America’s favorite snackPublished 9:21pm Thursday, September 20, 2012
This is an attempt to tackle a new topic not discussed here before — food. Not just any or every kind of food, but a snack food.
Now, you know that today, eating snacks is getting a bad name. We are all becoming health conscious, and eating fast food is taking a bad rap. So I’ll not tackle a fast food restaurant, but fast food from your kitchen.
Anyone who has ever stepped into a movie theater or gone to a football game knows what the favorite snack food is — popcorn. The smell makes it irresistible.
Now, what is popcorn doing in this weekly historical column? Popcorn has been eaten for thousands of years. It is one of the oldest forms of corn from around 3600 B.C. When the English came to America in the 16th and 17th centuries, they learned about popcorn from the Native Americans.
My first recollection of popcorn was when it was made by my mother in an old pan with a lid over our kitchen stove. A little bit of oil or lard in the bottom of the pan and the lid held tightly on the top and the pan shuffled back and forth over the burner until popping started and then quit. Magically, out came a full pan of popped corn.
If you close your eyes, you can imagine the smell of corn popping. That’s the hook that entices everyone to buy a bag.
Nowadays, there are all sorts of devices for popping the corn. It can be popped in a paper bag in a microwave, or you can purchase it in a little foil pan and shake it over the fire. There are air poppers and popcorn machines.
The most desirable popped corn is large and light. If heated too quickly the steam in the outer layers can rupture the kernels causing a hard center. If heated too slowly it leads to unpopped kernels. Those that are left in the pan and didn’t pop are called “old maids.”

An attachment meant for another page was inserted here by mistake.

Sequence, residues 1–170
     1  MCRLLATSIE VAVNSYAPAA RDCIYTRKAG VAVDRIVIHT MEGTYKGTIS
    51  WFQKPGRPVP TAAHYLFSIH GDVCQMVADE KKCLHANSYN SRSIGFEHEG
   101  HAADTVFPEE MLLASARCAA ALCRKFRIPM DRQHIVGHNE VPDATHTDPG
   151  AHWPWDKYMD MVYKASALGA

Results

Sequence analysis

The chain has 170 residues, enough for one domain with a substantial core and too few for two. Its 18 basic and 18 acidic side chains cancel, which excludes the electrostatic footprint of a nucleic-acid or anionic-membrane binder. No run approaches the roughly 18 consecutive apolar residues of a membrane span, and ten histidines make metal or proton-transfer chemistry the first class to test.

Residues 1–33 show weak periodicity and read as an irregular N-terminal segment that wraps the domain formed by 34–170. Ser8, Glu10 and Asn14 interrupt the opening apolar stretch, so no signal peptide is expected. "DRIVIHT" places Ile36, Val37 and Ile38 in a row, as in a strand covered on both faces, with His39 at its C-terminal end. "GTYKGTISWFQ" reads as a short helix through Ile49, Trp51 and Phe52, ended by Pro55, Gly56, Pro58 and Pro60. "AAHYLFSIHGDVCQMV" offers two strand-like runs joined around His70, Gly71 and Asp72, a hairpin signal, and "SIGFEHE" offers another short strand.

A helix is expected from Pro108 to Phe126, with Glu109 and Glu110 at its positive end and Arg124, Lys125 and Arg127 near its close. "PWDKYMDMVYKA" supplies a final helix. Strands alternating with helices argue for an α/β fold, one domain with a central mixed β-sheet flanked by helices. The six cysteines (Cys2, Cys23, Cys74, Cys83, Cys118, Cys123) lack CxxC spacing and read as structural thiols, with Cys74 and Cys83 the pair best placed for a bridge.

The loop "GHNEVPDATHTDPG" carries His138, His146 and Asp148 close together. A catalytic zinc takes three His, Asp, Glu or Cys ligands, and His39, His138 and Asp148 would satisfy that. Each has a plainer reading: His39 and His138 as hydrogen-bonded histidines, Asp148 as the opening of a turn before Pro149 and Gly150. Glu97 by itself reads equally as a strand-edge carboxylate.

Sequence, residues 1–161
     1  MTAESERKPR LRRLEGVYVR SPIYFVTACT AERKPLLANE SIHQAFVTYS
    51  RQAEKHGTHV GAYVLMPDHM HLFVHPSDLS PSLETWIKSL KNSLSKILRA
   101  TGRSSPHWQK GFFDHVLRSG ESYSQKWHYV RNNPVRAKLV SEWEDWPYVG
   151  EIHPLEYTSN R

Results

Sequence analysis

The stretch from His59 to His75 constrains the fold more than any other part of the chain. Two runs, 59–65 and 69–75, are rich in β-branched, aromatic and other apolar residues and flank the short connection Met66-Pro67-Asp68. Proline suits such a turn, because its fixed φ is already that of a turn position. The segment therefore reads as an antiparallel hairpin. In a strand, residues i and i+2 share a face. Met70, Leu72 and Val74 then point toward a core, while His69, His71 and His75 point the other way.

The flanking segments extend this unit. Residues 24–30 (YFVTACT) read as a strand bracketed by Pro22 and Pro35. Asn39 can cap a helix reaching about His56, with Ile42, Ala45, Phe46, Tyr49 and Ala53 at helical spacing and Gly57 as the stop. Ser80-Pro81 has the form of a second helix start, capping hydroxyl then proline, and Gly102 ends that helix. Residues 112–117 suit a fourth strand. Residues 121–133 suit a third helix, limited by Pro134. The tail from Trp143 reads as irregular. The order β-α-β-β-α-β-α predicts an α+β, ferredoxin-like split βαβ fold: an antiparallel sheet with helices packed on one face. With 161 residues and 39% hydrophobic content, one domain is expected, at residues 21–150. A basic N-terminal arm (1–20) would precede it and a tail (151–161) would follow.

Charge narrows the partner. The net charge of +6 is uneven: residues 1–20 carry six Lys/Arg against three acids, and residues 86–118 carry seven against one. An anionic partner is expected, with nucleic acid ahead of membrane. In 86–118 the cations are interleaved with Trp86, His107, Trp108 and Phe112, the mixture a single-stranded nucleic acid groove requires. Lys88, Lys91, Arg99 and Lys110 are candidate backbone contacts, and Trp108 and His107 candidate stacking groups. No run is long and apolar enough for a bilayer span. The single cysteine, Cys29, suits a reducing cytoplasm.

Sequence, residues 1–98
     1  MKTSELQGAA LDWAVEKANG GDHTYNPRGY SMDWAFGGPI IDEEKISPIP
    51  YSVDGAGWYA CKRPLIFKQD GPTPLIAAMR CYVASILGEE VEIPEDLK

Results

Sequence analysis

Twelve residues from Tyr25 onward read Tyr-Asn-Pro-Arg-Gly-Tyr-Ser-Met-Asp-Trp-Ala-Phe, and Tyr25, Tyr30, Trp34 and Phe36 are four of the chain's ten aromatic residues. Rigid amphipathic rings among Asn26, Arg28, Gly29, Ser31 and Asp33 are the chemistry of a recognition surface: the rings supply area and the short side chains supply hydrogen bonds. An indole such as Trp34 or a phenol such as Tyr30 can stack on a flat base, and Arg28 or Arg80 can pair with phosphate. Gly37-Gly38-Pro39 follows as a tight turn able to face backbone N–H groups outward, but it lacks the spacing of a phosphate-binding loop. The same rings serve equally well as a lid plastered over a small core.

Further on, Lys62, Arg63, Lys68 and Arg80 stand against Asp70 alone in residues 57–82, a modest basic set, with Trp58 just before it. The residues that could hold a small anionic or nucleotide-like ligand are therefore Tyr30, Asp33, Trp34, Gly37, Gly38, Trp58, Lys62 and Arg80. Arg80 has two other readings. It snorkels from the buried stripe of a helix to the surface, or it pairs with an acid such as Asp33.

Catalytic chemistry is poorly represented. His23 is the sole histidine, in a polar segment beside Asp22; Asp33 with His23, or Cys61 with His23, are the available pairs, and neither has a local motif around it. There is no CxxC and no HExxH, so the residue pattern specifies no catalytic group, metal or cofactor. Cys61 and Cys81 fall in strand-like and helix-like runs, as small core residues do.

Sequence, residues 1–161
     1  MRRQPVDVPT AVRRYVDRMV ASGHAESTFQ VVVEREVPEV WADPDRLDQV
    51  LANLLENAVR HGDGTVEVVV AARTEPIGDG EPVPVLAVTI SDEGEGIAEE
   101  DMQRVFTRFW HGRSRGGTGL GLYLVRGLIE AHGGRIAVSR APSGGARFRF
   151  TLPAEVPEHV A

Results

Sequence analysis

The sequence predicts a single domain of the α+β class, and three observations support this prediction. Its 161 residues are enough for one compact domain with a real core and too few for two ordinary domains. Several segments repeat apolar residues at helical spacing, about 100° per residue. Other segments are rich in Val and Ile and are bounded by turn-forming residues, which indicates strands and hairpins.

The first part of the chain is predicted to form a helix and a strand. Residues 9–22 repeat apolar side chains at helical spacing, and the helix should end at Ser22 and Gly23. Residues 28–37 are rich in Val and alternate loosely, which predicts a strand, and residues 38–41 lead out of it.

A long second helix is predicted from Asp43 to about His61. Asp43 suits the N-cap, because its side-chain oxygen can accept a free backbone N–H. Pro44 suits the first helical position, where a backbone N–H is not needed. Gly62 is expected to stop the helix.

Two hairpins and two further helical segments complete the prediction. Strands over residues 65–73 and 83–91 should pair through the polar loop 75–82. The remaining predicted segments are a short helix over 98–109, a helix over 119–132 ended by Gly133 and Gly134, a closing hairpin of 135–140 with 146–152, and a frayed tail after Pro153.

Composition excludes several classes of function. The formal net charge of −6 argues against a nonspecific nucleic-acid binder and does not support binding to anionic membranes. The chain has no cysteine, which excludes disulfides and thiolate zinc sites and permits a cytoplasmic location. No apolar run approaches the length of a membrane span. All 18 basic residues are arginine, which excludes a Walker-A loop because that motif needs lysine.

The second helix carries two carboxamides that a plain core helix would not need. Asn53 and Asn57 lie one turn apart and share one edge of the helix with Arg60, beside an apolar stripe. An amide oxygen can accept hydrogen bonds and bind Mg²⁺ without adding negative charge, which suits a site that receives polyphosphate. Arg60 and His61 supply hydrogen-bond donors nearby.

Popcorn is a healthy snack, but when you cover it with butter or salt it takes on a different life. A small bag of movie theater corn contains as much fat as three Big Macs.
Six localities in the Midwest claim to be the Popcorn Capital of the World: Ridgeway, Ill.; Valparaiso, Ind.; Van Buren, Ind.; Schaller, Iowa; Marion, Ohio; and North Loup, Neb. But we in this area know that Orville is the king of popcorn.
Popcorn can be flavored with many different flavors. One company advertises 200 flavors. Some of the more unusual are cheddar cheese, dill pickle, green apple, hot and spicy, chocolate drizzle, peach cobbler, pumpkin pie and margarita. There are flavors for everyone’s taste. I just like butter and salt.
This past weekend, I was at a wedding where popcorn was served at the reception. A beautifully decorated popcorn bar and bags to pick your own favorite flavor or a combination were a big attraction. They were delicious and the bags made it a take home favor.
Popcorn can be flavored with Jell-O. There are many recipes available, which create a variety of flavors. And of course at this time of year everyone is thinking popcorn balls. The dill pickle was one of my favorites as was the kettle corn.
You don’t have to go to the movies or a ball game to enjoy a big bowl of popcorn. Your ancestors have been enjoying it for years.
Tags: JoAnn Boepple